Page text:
Capital Plan Seeks $75 Million At Next Annual Town Meeting

By: William F. Galvin

The holiday market and open house drew a crowd to 204 Sisson on Saturday. WILLIAM F. GALVIN PHOTO

Use Of Middle School Building Draws Debate

HARWICH – The town’s five-year capital plan calls for $75,469,424 in spending next year, driven primarily by wastewater and water projects, a figure called “eye popping” by Town Administrator Joseph Powers.

Three projects totaling $68,700,000 are listed for debt exclusion votes: expansion of the East Harwich wastewater collection system at $47,000,000; a water main replacement project along Route 28 for $14,700,000; and a Route 28 sewer main installation in West Harwich estimated at $7,000,000.

The water and wastewater costs are “the elephant in the room” for taxpayers, Capital Outlay Committee Chairman Richard Larios said. Much of the cost is driven by pressure from the Massachusetts Department of Environmental Protection to accelerate comprehensive wastewater management plan implementation, initially expected over a 40-year period but now proposed to take place in 20 years.

With the cost increases due to supply chain issues and the reduced time frame, town officials must be ready to discuss with taxpayers what is facing the community, Larios said. It’s not the capital outlay committee’s job to take a position for the town, he added.

We are just the bean counters,” he said.

There is some hopeful relief from the financial burdens, added Water/Wastewater Superintendent Dan Pelletier, with the potential for principal forgiveness through State Revolving Fund borrowing for the projects. That includes a 6.6 percent principal forgiveness under the disadvantages communities program and subsidies under the Cape and Islands Water Protection Program. The town will have to appropriate the full amount with the state and county contributions coming later, he added.

Selectmen, capital outlay committee and finance committee met in a joint session Monday as directed by the town charter to examine the five-year plan. The future use of the former Harwich Middle School — now dubbed 204 Sisson — for cultural, recreational and municipal uses was a major focus of discussion. The fiscal 2024 segment of the plan seeks $1,982,427 for maintenance and improvements to the building.

Finance Committee Chairman Peter Hughes was looking for a long-term vision for use of the building. He wanted to know if the cost analysis study released by Powers two weeks ago is the definitive document that will go to town meeting in the spring.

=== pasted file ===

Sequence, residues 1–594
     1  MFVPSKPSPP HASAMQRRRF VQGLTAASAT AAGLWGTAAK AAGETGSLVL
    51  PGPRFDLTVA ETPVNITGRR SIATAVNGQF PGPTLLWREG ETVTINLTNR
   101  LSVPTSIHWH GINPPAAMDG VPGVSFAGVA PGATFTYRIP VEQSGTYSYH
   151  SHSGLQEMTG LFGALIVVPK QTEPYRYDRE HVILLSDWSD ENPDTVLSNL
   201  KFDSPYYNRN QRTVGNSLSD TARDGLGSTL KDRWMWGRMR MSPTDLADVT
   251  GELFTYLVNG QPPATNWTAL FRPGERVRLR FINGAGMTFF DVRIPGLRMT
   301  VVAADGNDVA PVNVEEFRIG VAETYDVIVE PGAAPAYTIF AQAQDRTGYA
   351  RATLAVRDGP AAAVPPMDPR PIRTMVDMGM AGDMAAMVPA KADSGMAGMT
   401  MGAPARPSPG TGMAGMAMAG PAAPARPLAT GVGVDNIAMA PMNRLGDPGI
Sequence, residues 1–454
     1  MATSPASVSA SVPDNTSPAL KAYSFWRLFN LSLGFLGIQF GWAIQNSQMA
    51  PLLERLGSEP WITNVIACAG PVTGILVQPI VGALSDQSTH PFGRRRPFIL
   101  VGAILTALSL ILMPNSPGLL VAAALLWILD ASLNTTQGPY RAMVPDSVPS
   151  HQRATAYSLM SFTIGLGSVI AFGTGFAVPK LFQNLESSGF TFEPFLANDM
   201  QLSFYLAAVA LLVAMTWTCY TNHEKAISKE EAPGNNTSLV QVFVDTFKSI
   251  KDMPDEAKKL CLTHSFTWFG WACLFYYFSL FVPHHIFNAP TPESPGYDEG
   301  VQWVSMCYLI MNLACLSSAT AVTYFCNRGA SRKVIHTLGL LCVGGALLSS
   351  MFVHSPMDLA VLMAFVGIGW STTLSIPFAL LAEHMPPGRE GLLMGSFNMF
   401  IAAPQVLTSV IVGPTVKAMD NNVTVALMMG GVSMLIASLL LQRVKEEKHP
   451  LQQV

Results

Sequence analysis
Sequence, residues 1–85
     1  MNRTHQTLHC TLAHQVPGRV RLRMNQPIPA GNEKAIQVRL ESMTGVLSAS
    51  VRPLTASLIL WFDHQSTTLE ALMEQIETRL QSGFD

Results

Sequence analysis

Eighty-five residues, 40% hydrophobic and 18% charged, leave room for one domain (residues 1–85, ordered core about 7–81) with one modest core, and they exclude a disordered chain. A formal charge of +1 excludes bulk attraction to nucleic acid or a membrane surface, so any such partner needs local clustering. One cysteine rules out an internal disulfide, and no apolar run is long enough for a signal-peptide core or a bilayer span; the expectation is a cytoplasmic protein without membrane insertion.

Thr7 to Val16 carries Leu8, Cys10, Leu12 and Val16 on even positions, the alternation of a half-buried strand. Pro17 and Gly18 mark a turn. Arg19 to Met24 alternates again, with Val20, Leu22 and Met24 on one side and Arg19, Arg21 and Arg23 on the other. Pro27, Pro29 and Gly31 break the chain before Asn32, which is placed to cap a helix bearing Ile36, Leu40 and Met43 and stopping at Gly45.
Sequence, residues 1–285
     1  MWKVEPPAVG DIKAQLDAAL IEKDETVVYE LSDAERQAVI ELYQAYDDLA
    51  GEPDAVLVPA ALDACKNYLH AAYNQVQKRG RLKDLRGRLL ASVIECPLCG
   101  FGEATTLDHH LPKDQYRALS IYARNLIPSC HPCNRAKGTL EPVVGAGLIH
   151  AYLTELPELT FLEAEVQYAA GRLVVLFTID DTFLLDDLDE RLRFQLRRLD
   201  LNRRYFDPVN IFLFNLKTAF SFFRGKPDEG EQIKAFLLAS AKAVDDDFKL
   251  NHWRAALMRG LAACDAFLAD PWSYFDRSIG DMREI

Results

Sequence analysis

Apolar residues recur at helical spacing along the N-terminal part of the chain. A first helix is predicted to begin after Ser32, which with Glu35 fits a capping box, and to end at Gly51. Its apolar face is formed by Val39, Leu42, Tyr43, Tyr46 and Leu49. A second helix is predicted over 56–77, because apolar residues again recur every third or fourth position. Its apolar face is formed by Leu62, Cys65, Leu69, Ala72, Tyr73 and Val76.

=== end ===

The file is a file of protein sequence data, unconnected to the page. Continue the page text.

Powers said the document was a response to the board of selectmen’s request for a cost analysis. Hughes wanted to know what the selectmen’s plan is for the building moving forward.

This plan has no vision,” said Hughes, asserting that the maintenance and upgrade proposals in the capital plan are a “band aid.” He said he is looking for a floor plan defining the cultural, recreational and municipal uses in the building, and wanted to know if the selectmen are planning to move the town hall operations there.

Chairman of selectmen Michael MacAskill said he would argue that the present town hall is the worst building the town has except for the West Harwich schoolhouse, which has been sold, and the Bank Street fire station, which will be sold on Friday. The former middle school is an asset to the town, he said.

It has a lot of growth potential,” said MacAskill. “It makes sense to put money into it, in case we need it.”

If that’s the case, it’s time to start putting some meat and bones on a plan, Hughes said. He agreed the building has potential, but said a plan is necessary to get there.

How do we use it to the maximum for our citizens?” he asked.

Finance committee member Karen Doucette said the plan is “not fully baked” and there is a lot more work that needs to be done to it. She said more programs will require more people to run them. There is a lot of information missing from the plan, she said, pointing out that the proposal to improve the ballfields outside the school has no costs associated with it and will also require the addition of restrooms. She said in the long run it could cost $10 million to address the needs at the facility.

Richard Waystack said 204 Sisson was “rocking” during the holiday market and open house on Saturday. The town now has in place a director for the cultural center and a new town planner coming on board, both of whom would be instrumental in creating a comprehensive vision for the building, he said.

There was a consensus among the group that while the middle school building potential for use by the town, a plan is necessary before voters will buy into it at town meeting.